JUDGING BY THE FIRST WEEKS, FISHING SHOULD BE GOOD THIS YEAR
I don’t know about the rest of you, but whenever a New Year rolls around it takes me a good month or so to correctly date a check I might write.
At the same time, I am very superstitious and tend to judge whether the coming year will be good or not so good by things that happen with me in that first week or so.
Silly? You bet it is, but if indeed this proves to be true, then 2022 will be wonderful, because it has been great for me thus far – especially when it comes to fishing.
The first significant event occurred the day after the calendar flipped as my best bud, Dan Cornell, and I ran his 60-foot Viking sportfish boat to Ft. Pierce, Fla., for some upgrades before we take it to the Bahamas the first part of March. We left Hilton Head Island at dawn and expected to reach Ft. Pierce late that day.
I was in the salon reading when I heard Dan yelling for me to come up on the bridge. We were in 90 feet of water off the coast of South Georgia. As I reached the bridge, I saw this monstrous black shape rise completely out of the water. When it hit the water, it was like a torpedo had exploded just under the surface.
A moment later, another monster launched itself a few hundred yards from the first one, followed closely by yet another. It was a pod of right whales all breaching one after another.
If you are not familiar with right whales, they can reach lengths near 60 feet and weigh up to 70 tons.
Pulling back the throttles, we eased toward them. Though I have encountered right whales before, those being generally single whales with a calf in the spring of the year, never have I seen this many adult right whales together.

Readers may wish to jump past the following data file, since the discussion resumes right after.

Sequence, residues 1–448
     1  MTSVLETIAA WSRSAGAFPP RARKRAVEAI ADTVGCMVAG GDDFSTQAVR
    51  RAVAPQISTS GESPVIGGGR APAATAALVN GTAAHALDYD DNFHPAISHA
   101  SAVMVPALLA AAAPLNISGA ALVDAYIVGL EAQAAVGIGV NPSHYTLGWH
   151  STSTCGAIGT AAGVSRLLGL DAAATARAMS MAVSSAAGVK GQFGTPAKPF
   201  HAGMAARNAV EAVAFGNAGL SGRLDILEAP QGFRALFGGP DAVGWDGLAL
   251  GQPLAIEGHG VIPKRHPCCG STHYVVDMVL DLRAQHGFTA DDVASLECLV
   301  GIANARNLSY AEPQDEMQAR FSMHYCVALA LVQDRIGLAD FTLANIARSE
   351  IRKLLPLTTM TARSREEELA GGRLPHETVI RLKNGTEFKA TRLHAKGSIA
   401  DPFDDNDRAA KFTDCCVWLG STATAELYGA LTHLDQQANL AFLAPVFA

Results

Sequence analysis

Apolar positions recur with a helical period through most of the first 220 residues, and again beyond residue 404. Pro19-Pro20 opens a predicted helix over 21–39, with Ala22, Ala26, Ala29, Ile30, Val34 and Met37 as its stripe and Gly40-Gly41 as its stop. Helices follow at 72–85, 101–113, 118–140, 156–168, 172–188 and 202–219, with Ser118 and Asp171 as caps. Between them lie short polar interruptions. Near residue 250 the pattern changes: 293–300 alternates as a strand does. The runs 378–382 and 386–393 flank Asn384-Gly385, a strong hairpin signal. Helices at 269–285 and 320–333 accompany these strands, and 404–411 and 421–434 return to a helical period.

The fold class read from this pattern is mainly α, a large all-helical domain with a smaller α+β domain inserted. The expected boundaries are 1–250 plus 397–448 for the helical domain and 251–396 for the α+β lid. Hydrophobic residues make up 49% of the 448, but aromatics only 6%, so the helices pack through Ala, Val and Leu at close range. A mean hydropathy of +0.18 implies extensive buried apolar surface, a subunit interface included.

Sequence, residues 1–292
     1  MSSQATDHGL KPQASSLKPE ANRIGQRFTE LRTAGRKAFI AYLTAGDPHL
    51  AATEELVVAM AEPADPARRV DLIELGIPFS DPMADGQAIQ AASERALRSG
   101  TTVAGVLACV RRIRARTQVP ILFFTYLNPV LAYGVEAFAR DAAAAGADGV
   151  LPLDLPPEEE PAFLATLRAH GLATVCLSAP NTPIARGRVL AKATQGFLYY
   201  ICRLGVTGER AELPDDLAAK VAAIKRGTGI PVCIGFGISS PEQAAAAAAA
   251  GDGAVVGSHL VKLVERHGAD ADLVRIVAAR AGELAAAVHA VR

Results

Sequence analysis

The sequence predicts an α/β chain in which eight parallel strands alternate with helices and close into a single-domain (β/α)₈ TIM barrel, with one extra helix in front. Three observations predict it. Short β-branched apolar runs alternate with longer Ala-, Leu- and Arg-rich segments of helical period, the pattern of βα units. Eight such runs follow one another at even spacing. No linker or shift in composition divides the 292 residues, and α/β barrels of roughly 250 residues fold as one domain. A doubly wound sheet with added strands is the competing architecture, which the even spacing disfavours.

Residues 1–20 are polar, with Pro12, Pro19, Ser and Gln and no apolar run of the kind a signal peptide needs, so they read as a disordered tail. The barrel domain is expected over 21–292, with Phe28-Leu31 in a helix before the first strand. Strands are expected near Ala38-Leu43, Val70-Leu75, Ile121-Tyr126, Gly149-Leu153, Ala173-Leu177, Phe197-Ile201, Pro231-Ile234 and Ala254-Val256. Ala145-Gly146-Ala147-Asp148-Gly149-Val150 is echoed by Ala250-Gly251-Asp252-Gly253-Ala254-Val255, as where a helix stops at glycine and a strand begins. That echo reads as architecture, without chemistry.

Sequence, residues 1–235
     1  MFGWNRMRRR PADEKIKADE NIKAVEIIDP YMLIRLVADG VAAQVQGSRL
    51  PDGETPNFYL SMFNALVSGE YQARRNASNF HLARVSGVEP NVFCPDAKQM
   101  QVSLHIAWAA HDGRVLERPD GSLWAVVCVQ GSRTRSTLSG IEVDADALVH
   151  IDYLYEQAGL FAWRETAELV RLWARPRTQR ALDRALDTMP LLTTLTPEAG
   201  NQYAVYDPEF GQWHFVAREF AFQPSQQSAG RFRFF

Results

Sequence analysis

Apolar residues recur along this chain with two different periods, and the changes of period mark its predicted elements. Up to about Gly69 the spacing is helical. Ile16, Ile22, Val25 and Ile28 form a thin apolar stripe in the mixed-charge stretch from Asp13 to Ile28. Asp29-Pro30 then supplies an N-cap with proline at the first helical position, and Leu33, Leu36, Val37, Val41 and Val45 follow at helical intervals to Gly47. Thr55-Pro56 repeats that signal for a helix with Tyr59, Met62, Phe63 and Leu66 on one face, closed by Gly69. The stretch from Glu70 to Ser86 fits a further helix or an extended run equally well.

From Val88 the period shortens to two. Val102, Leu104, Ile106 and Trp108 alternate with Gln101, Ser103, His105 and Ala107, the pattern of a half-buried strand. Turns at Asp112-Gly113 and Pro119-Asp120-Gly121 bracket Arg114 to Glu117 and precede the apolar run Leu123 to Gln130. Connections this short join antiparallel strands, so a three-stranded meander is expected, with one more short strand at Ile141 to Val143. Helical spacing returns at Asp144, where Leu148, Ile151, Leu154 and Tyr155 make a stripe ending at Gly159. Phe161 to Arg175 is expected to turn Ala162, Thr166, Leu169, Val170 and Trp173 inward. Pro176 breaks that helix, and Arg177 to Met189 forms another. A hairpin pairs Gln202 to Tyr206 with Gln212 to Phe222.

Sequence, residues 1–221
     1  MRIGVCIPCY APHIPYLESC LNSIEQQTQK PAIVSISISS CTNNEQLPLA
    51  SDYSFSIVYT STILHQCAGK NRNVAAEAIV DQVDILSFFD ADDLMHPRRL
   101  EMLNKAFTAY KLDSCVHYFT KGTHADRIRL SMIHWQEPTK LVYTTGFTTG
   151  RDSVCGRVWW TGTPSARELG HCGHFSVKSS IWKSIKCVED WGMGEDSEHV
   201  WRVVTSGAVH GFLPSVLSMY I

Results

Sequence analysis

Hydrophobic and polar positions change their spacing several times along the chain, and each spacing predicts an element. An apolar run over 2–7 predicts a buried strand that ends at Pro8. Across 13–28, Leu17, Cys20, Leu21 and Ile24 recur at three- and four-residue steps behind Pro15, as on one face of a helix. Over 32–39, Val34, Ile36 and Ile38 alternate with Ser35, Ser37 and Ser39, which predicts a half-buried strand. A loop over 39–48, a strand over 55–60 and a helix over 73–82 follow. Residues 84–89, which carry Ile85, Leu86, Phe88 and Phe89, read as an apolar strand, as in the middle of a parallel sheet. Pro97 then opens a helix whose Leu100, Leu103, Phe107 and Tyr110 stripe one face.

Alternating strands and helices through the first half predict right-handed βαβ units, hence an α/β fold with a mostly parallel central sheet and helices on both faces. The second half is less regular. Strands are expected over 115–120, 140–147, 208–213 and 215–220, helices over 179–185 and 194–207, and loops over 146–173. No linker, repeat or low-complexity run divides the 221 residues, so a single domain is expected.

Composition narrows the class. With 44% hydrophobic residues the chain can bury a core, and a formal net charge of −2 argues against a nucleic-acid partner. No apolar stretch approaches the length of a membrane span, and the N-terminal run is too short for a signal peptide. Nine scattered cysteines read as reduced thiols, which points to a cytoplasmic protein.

Talk about awesome! As we got right in the middle of several whales, I grabbed my camera. While I was on the starboard side, one would pop up on the port side, so I’d run over. Then another would pop up on the starboard side.
It was actually funny, had someone been videoing me running from one side of the bridge to the other as the whales seemed to be playing with me, surfacing on the opposite side where I was filming.
I got some fair videos as they dove with gigantic tails slapping the water, but captured just one still photo of a breach. Those whales made that long run worth all the other rather boring hours on a relatively lifeless winter ocean.
As for fishing, 2022 has started out with a bang for me. I suspect the warmer than usual temperatures of both the air and the water might have contributed to my success but whatever it is, I’ll take it.
Usually by this time of the year, flounder have moved offshore, but I have been tearing them up recently. Not only have I been catching flounder, but the ones I have been catching have been the largest in over a year.
On top of that, the redfish bite has been on fire, as have the sheepshead and black drum. At first I thought this great fishing might last but a day or two, but every day I wet a line I came home with vittles for the family.
I love eating flounder but, believe it or not, I began to tire of dining on their tender, sweet and flaky flesh. When I got to that point, I changed gears by calling Chris Kehrer at the Port Royal Foundation’s Maritime Center.
I don’t think I have ever mentioned that I am a huge supporter of this marvelous facility located half way to Beaufort on Lemon Island. My support for the Maritime Center isn’t financial since I am just shy of being a legitimate pauper, my support is in the form of fish – live fish.
If you have never checked out the Maritime Center then you are really missing out. Not only is there a huge aquarium with a number of species found in Port Royal Sound, they also have touch tanks and top-notch historical displays.
I have been catching fish for their displays for years now and since Chris pretty much handles a lot of the daily chores there, I twisted his arm (not!) to join me catching fish for their tanks during this hot bite. In two days, we added two huge flounder, some redfish, black drum, pinfish and monster mullet to their collection.
Transporting them was the hard part, as salt water in huge live wells sloshed in the back of my car. But it was worth the sacrifice.
I encourage you to stop by and see this place – it is awesome! Admission is free to the public, while being financed by donations.
If 2022 keeps rolling like it has thus far I am going to be in some kind of fat city!
Collins Doughtie, a 60-year resident of the Lowcountry, is a sportsman, graphic artist, and lover of nature. email@example.com